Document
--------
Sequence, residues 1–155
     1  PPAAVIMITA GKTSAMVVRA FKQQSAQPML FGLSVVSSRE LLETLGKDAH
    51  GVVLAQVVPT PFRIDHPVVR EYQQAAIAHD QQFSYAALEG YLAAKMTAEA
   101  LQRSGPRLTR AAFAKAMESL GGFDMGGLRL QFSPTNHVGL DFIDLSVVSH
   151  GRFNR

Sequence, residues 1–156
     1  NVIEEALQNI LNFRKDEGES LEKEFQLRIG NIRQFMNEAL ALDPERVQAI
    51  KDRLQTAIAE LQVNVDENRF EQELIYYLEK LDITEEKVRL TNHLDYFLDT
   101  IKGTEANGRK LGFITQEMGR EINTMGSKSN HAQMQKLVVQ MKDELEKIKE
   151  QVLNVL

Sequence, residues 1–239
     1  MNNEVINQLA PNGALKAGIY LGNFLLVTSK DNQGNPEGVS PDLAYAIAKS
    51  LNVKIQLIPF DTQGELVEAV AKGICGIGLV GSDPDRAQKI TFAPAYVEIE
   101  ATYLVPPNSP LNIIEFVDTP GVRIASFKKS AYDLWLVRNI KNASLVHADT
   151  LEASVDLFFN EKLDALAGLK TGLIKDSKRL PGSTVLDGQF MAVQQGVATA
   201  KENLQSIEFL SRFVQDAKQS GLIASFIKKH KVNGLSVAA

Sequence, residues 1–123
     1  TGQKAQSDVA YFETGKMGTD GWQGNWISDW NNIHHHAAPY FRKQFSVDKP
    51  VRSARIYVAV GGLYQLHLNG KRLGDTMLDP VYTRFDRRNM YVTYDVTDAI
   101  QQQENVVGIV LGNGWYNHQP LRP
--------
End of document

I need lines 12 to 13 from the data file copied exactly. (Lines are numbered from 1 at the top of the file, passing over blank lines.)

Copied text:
     1  MNNEVINQLA PNGALKAGIY LGNFLLVTSK DNQGNPEGVS PDLAYAIAKS
    51  LNVKIQLIPF DTQGELVEAV AKGICGIGLV GSDPDRAQKI TFAPAYVEIE